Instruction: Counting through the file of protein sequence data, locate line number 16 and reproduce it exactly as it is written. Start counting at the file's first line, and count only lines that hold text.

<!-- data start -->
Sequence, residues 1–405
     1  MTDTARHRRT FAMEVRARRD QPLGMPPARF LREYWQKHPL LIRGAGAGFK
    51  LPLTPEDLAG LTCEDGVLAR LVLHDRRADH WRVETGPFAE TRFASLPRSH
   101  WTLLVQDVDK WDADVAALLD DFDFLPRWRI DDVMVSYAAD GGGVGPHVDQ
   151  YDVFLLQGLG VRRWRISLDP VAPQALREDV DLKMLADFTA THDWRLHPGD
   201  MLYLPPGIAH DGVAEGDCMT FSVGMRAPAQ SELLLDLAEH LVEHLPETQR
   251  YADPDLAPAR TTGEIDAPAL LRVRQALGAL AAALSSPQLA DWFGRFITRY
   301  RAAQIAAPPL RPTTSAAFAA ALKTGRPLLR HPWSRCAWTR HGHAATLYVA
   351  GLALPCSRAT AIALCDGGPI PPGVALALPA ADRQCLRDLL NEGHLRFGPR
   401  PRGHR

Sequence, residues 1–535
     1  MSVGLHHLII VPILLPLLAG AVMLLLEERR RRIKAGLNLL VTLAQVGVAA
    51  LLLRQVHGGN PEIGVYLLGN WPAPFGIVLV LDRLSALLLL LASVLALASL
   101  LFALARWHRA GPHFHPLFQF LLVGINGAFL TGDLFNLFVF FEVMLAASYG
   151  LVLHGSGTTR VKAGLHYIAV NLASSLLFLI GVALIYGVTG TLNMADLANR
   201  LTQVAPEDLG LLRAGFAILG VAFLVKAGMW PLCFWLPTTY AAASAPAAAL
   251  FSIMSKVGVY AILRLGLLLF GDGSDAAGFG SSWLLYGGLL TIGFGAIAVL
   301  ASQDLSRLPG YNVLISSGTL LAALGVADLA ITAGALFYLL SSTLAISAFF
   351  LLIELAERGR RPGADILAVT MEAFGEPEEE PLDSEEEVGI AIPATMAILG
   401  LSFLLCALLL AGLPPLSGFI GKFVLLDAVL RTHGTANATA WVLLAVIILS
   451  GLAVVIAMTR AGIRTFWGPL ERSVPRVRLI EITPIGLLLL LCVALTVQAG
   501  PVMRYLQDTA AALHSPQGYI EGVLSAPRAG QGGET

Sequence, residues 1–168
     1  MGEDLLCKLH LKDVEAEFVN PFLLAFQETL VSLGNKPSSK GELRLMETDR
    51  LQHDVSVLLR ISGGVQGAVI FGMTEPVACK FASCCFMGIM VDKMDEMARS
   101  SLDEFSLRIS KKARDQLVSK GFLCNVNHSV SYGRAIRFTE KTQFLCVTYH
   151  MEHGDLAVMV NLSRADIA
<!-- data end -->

   201  LTQVAPEDLG LLRAGFAILG VAFLVKAGMW PLCFWLPTTY AAASAPAAAL